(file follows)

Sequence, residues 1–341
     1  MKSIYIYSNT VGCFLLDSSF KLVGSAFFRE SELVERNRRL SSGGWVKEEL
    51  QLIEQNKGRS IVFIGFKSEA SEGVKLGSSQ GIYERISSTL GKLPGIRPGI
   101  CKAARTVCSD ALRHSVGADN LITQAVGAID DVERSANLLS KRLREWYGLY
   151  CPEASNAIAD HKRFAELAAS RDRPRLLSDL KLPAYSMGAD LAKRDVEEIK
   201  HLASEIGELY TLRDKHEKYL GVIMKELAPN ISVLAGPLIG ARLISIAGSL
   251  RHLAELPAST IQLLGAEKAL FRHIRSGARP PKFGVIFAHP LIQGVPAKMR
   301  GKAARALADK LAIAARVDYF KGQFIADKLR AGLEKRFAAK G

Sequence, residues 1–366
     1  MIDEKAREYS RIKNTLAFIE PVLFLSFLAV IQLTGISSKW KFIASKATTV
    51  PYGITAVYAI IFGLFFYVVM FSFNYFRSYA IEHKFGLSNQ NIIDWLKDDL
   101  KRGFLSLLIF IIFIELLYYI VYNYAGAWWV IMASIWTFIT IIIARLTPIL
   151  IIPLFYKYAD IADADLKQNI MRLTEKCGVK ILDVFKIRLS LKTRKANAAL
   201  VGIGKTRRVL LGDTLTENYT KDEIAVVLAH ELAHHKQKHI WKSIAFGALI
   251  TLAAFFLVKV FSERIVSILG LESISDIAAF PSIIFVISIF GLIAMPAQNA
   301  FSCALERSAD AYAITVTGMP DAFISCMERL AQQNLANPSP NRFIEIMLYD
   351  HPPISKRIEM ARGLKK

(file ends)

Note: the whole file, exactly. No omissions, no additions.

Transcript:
Sequence, residues 1–341
     1  MKSIYIYSNT VGCFLLDSSF KLVGSAFFRE SELVERNRRL SSGGWVKEEL
    51  QLIEQNKGRS IVFIGFKSEA SEGVKLGSSQ GIYERISSTL GKLPGIRPGI
   101  CKAARTVCSD ALRHSVGADN LITQAVGAID DVERSANLLS KRLREWYGLY
   151  CPEASNAIAD HKRFAELAAS RDRPRLLSDL KLPAYSMGAD LAKRDVEEIK
   201  HLASEIGELY TLRDKHEKYL GVIMKELAPN ISVLAGPLIG ARLISIAGSL
   251  RHLAELPAST IQLLGAEKAL FRHIRSGARP PKFGVIFAHP LIQGVPAKMR
   301  GKAARALADK LAIAARVDYF KGQFIADKLR AGLEKRFAAK G

Sequence, residues 1–366
     1  MIDEKAREYS RIKNTLAFIE PVLFLSFLAV IQLTGISSKW KFIASKATTV
    51  PYGITAVYAI IFGLFFYVVM FSFNYFRSYA IEHKFGLSNQ NIIDWLKDDL
   101  KRGFLSLLIF IIFIELLYYI VYNYAGAWWV IMASIWTFIT IIIARLTPIL
   151  IIPLFYKYAD IADADLKQNI MRLTEKCGVK ILDVFKIRLS LKTRKANAAL
   201  VGIGKTRRVL LGDTLTENYT KDEIAVVLAH ELAHHKQKHI WKSIAFGALI
   251  TLAAFFLVKV FSERIVSILG LESISDIAAF PSIIFVISIF GLIAMPAQNA
   301  FSCALERSAD AYAITVTGMP DAFISCMERL AQQNLANPSP NRFIEIMLYD
   351  HPPISKRIEM ARGLKK